Home / Go Cookbook / Generating good unique ids in Go

Imagine you’re writing a note taking application.

Each note needs a unique id.

Generating unique ids is easy if you can coordinate.

The simplest way is to get database to do it: use AUTOINCREMENT column and the database will generate unique id when you insert a new note row into a table.

What if you can’t coordinate?

For example, you want the app to also generate unique note id when offline, when it cannot talk to the database.

The requirement of non-coordinated generation of unique ids comes up often in distributed systems.

A simple solution is to generate a random id. If you give it 16 bytes of randomness, the chances of generating the same random number are non-existent.

It’s such a common problem that over 30 years ago we created a standard for this called UUID/GUID.

We can do better than GUID. A good random unique id:

  • is unique; we can’t skip the basics
  • can be sorted by its string representation
  • is time-clustered i.e. ids generated at the same time are close to each other when sorted
  • string representation can be used as part of URL without escaping
  • the shorter, the better

There are few Go implementation of such id, following the same basic idea:

  • use time as part of the id to achieve time-clustering
  • fill rest of the id with random data
  • encode as a string in a way that allows lexicographic sorting and is url-safe

Here are Go packages for generating unique id and how their ids look like in string format:

package id format
github.com/segmentio/ksuid 0pPKHjWprnVxGH7dEsAoXX2YQvU 4 bytes of time (seconds) + 16 random bytes
github.com/rs/xid b50vl5e54p1000fo3gh0 4 bytes of time (seconds) + 3 byte machine id + 2 byte process id + 3 bytes random
github.com/kjk/betterguid -Kmdih_fs4ZZccpx2Hl1 8 bytes of time (milliseconds) + 9 random bytes
github.com/sony/sonyflake 20f8707d6000108 ~6 bytes of time (10 ms) + 1 byte sequence + 2 bytes machine id
github.com/oklog/ulid 01BJMVNPBBZC3E36FJTGVF0C4S 6 bytes of time (milliseconds) + 8 bytes random
github.com/chilts/sid 1JADkqpWxPx-4qaWY47~FqI 8 bytes of time (ns) + 8 random bytes
github.com/satori/go.uuid 5b52d72c-82b3-4f8e-beb5-437a974842c UUIDv4 from RFC 4112 for comparison

You can see how the values change over time by refreshing this test page a couple of times.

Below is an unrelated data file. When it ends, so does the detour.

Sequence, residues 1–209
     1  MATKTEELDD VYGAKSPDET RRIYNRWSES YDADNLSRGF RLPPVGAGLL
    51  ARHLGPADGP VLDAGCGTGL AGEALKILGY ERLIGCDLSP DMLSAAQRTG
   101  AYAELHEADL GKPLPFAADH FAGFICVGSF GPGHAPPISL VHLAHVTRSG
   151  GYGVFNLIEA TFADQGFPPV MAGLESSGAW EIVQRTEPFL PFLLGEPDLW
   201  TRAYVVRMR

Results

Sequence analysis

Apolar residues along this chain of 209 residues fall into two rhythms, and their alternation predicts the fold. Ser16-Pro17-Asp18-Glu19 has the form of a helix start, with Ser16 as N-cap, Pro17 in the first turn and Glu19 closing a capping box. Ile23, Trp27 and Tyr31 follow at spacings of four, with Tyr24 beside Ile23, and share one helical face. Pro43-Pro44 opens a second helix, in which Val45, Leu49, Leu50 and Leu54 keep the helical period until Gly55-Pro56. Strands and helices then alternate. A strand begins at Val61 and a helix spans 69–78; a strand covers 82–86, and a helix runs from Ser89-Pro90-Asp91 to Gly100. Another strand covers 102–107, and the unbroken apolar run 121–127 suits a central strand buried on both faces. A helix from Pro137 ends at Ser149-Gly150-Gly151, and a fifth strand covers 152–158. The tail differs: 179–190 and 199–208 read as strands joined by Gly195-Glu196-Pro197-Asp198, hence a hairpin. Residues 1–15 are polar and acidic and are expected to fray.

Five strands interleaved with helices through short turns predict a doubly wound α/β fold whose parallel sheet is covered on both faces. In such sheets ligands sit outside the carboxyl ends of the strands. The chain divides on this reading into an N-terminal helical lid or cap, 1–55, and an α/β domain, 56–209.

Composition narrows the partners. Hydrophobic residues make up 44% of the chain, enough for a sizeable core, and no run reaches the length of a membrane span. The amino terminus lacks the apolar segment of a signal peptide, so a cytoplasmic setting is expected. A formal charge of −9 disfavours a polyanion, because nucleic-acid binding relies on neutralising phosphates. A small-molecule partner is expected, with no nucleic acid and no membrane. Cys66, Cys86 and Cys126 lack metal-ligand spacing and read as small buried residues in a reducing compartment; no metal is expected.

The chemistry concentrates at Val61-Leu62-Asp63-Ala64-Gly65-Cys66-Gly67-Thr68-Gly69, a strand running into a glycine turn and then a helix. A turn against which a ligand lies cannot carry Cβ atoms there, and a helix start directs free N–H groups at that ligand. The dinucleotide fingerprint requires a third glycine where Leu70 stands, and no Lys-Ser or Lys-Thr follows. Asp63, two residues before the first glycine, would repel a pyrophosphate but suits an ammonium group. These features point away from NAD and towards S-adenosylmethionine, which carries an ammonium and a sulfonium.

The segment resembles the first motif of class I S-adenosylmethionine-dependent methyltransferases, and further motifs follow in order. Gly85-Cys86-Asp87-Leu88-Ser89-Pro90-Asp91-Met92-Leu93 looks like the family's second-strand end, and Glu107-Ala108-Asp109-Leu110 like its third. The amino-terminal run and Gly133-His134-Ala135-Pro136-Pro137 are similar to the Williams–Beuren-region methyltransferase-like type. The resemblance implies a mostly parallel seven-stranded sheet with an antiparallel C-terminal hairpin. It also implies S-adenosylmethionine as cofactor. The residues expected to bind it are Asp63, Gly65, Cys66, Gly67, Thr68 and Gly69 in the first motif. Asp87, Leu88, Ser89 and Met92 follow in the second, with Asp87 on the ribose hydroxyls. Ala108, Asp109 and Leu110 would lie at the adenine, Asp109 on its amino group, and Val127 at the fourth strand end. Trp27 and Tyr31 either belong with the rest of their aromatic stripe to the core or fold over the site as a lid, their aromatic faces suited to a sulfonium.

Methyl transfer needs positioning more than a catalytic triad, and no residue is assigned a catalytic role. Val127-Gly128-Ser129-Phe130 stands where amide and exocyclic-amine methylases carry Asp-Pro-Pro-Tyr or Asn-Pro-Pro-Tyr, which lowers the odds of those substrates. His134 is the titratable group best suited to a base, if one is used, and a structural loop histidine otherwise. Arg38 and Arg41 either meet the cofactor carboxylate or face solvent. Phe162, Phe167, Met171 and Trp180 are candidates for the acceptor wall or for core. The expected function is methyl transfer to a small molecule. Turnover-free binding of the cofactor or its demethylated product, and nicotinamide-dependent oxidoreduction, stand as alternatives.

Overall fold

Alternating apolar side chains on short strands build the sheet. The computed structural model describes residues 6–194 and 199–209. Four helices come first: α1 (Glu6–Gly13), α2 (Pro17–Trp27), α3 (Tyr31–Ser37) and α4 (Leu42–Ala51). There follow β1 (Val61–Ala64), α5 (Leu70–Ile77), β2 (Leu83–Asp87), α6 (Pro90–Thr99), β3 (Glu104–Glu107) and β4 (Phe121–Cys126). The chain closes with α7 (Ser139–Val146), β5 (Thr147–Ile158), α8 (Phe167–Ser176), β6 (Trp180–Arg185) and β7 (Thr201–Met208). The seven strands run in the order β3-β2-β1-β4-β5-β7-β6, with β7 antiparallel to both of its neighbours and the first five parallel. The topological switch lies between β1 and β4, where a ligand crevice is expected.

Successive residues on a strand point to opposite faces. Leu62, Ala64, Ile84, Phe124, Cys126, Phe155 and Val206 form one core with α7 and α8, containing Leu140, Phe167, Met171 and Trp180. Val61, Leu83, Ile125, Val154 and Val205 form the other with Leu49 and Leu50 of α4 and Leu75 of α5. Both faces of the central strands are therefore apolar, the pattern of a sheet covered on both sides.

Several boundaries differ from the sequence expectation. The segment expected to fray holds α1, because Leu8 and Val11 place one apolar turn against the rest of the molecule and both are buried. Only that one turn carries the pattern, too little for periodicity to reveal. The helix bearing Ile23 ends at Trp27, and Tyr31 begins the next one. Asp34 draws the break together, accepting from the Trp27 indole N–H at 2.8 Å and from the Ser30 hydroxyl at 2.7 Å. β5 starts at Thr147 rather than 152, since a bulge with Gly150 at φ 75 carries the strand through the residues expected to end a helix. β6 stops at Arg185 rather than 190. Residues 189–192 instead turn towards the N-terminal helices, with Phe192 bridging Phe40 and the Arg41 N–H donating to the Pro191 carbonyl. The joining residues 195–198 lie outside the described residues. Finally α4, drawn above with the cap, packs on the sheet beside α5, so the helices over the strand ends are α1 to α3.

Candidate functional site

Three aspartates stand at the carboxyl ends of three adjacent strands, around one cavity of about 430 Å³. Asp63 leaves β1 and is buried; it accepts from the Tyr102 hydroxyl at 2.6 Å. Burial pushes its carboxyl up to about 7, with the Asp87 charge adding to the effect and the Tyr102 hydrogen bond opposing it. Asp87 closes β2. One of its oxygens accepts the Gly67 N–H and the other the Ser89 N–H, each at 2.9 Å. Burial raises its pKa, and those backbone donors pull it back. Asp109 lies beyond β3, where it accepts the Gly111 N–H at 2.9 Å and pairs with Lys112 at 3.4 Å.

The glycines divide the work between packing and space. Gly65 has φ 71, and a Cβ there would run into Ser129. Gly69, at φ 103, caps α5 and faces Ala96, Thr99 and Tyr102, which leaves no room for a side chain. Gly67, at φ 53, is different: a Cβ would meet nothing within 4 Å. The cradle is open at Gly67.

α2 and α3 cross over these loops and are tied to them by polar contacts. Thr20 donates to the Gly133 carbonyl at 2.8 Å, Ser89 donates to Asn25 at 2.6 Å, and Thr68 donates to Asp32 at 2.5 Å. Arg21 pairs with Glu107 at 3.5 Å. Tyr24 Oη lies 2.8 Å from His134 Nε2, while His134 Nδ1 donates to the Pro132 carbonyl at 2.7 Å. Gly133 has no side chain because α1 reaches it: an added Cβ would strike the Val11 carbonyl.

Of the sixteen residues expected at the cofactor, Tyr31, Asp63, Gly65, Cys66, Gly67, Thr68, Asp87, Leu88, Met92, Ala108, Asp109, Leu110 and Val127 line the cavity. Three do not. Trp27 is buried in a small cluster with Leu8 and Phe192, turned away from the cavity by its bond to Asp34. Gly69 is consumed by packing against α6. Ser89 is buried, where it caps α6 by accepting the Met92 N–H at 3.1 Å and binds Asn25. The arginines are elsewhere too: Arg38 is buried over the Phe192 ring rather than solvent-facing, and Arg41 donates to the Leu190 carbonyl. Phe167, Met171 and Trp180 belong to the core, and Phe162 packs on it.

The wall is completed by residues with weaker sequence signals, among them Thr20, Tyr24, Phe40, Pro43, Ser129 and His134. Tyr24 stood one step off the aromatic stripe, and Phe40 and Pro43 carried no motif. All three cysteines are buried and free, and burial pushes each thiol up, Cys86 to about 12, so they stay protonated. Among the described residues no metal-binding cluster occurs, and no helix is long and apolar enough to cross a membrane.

How to generate unique ids using different libraries:

import (
	"github.com/chilts/sid"
	"github.com/kjk/betterguid"
	"github.com/oklog/ulid"
	"github.com/rs/xid"
	"github.com/satori/go.uuid"
	"github.com/segmentio/ksuid"
	"github.com/sony/sonyflake"
)

// To run:
// go run main.go

func genXid() {
	id := xid.New()
	fmt.Printf("github.com/rs/xid:           %s\n", id.String())
}

func genKsuid() {
	id := ksuid.New()
	fmt.Printf("github.com/segmentio/ksuid:  %s\n", id.String())
}

func genBetterGUID() {
	id := betterguid.New()
	fmt.Printf("github.com/kjk/betterguid:   %s\n", id)
}

func genUlid() {
	t := time.Now().UTC()
	entropy := rand.New(rand.NewSource(t.UnixNano()))
	id := ulid.MustNew(ulid.Timestamp(t), entropy)
	fmt.Printf("github.com/oklog/ulid:       %s\n", id.String())
}

func genSonyflake() {
	flake := sonyflake.NewSonyflake(sonyflake.Settings{})
	id, err := flake.NextID()
	if err != nil {
		log.Fatalf("flake.NextID() failed with %s\n", err)
	}
	// Note: this is base16, could shorten by encoding as base62 string
	fmt.Printf("github.com/sony/sonyflake:   %x\n", id)
}

func genSid() {
	id := sid.Id()
	fmt.Printf("github.com/chilts/sid:       %s\n", id)
}

func genUUIDv4() {
	id := uuid.NewV4()
	fmt.Printf("github.com/satori/go.uuid:   %s\n", id)
}

func main() {
	genXid()
	genKsuid()
	genBetterGUID()
	genUlid()
	genSonyflake()
	genSid()
	genUUIDv4()
}

Full example: generate-unique-id/main.go

Which one to use?

All of them are good.

I would pick either rs/xid or segmentio/ksuid.

oklog/ulid allows custom entropy (randomness) source but pays for that with complex API.

sony/sonyflake is the smallest but also the least random. It’s based on Twitter’s design for generating IDs for tweets.

For simplicity the example code serializes sony/snoflake in base16. It would be even shorter in base62 encoding used by other libraries, but other libraries provide that out-of-the-box and for sony/snoflake I would have to implement it myself.

The last one is UUID v4 from RFC 4112, for comparison.

To learn more:

Code for this chapter: https://github.com/kjk/go-cookbook/tree/master/generate-unique-id

Part of Go Cookbook